Reply 16, posted (8 years 1 month 1 week 5 days 22 hours ago) and read 1510 times:

Quoting AirCop (Reply 15):
Quoting Halls120 (Reply 14):
Had former governor Mark Warner run against Allen, it would be a dead heat.

I think you and I know what office Mark Warner is gearing up to run for. Could be the next southern Democrat to be elected to the nation's highest office since the mid 70's.

Would be a real smart move for the democrats to make Warner their candidate. He was an excellent governor, able to work well with the republicans in Richmond. Unlike his successor.


User currently offlineAirCop From , joined Dec 1969, posts, RR:
Reply 17, posted (8 years 1 month 1 week 5 days 22 hours ago) and read 1510 times:

Quoting Halls120 (Reply 16):
Would be a real smart move for the democrats to make Warner their candidate

I agreed 100%. He would be a very attractive candidate to get cross-over votes from the moderate republicans, and I suspect would do well in the south.


User currently offlineSuperfly From Thailand, joined May 2000, 39887 posts, RR: 74
Reply 18, posted (8 years 1 month 1 week 5 days 22 hours ago) and read 1502 times:

Quoting AirCop (Reply 15):
Could be the next southern Democrat to be elected to the nation's highest office since the mid 70's.

You forgot Bill Clinton.
He is from Arkansas.
Al Gore is from Tennessee and he was elected to but we all know what happend to that.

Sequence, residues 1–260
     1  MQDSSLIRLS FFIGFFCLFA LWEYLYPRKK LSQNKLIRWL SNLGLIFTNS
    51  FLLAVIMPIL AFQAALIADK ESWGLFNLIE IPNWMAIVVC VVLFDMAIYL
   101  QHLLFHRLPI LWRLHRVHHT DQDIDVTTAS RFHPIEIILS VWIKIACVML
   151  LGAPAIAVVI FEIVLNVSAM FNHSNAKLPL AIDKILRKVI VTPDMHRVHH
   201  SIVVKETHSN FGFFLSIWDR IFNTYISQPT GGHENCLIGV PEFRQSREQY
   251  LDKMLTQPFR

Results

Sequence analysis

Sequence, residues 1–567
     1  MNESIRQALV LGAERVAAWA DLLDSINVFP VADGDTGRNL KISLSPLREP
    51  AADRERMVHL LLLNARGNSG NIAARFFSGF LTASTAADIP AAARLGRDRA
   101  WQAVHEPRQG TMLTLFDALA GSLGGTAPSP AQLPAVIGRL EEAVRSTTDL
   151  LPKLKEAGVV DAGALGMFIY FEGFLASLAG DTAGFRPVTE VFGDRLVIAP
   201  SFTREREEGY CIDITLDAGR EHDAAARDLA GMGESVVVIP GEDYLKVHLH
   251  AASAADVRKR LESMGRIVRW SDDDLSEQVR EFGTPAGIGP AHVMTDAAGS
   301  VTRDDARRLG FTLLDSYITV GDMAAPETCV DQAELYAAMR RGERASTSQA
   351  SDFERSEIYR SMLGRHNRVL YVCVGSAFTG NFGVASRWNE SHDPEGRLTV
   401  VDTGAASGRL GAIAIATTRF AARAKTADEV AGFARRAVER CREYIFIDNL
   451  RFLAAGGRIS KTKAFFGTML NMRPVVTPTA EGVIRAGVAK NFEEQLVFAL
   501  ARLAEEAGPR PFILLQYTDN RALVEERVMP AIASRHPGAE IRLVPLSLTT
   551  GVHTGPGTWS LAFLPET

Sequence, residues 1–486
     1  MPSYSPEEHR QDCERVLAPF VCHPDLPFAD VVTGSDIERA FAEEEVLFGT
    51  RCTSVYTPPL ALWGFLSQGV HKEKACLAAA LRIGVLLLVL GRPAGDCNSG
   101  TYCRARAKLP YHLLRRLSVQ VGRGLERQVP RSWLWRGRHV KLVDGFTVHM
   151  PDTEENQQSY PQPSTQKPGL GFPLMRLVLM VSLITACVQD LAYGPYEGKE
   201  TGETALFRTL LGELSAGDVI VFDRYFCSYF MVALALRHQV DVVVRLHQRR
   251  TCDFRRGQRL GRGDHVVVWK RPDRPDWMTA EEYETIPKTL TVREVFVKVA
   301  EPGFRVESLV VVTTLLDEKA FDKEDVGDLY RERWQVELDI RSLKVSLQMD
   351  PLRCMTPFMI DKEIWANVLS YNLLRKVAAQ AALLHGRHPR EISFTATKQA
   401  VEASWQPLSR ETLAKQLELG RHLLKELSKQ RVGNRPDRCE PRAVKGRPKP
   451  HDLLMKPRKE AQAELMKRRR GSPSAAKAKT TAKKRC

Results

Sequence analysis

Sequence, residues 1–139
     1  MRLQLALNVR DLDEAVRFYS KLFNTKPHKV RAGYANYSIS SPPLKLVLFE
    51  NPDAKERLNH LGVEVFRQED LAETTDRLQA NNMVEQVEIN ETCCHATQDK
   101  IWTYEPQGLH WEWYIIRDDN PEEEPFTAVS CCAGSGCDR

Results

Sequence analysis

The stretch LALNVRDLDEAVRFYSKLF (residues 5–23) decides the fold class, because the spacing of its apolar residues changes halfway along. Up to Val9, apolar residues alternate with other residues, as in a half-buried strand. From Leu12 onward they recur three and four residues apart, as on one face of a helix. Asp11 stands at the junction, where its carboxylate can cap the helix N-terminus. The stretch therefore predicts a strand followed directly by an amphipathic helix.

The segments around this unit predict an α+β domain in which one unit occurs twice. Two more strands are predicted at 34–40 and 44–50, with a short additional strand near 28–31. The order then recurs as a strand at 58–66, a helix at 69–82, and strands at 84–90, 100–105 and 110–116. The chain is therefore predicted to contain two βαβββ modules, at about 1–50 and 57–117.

Bring back the Concorde
User currently offlineVonRichtofen From Canada, joined Nov 2000, 4627 posts, RR: 36
Reply 19, posted (8 years 1 month 1 week 5 days 18 hours ago) and read 1482 times:

Quoting GuitrThree (Reply 9):
and just 24 hours later, after Blair, with a little help from Bush, stops thousands of American and other Nationalities deaths.

Which was actually initiated by Pakistani authorities  Wink

And it is the police that should get credit, not the politicians.

If you actually think Bush's policies have made America safer then you're out to lunch. Maybe if the resources devoted to invading Iraq were instead used to hunt down the real enemies (Al Qaeda) then America might be safer.



Word
User currently offlineSuperfly From Thailand, joined May 2000, 39887 posts, RR: 74
Reply 20, posted (8 years 1 month 1 week 5 days 16 hours ago) and read 1473 times:

Quoting VonRichtofen (Reply 19):